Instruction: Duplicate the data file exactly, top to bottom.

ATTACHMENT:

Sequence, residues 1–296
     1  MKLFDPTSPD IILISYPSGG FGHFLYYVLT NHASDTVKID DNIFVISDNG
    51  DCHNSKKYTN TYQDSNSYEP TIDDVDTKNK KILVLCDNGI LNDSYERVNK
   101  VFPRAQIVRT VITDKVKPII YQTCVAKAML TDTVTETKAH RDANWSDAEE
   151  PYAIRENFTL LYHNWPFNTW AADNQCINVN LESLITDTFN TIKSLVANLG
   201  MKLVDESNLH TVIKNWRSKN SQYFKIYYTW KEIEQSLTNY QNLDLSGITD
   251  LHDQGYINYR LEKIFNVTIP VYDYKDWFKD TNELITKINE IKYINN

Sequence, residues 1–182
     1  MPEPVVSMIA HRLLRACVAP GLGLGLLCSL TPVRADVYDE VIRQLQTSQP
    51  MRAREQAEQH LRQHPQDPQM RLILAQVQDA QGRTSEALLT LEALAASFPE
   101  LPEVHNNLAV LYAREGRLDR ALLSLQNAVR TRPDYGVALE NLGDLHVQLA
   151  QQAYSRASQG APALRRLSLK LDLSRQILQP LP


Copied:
Sequence, residues 1–296
     1  MKLFDPTSPD IILISYPSGG FGHFLYYVLT NHASDTVKID DNIFVISDNG
    51  DCHNSKKYTN TYQDSNSYEP TIDDVDTKNK KILVLCDNGI LNDSYERVNK
   101  VFPRAQIVRT VITDKVKPII YQTCVAKAML TDTVTETKAH RDANWSDAEE
   151  PYAIRENFTL LYHNWPFNTW AADNQCINVN LESLITDTFN TIKSLVANLG
   201  MKLVDESNLH TVIKNWRSKN SQYFKIYYTW KEIEQSLTNY QNLDLSGITD
   251  LHDQGYINYR LEKIFNVTIP VYDYKDWFKD TNELITKINE IKYINN

Sequence, residues 1–182
     1  MPEPVVSMIA HRLLRACVAP GLGLGLLCSL TPVRADVYDE VIRQLQTSQP
    51  MRAREQAEQH LRQHPQDPQM RLILAQVQDA QGRTSEALLT LEALAASFPE
   101  LPEVHNNLAV LYAREGRLDR ALLSLQNAVR TRPDYGVALE NLGDLHVQLA
   151  QQAYSRASQG APALRRLSLK LDLSRQILQP LP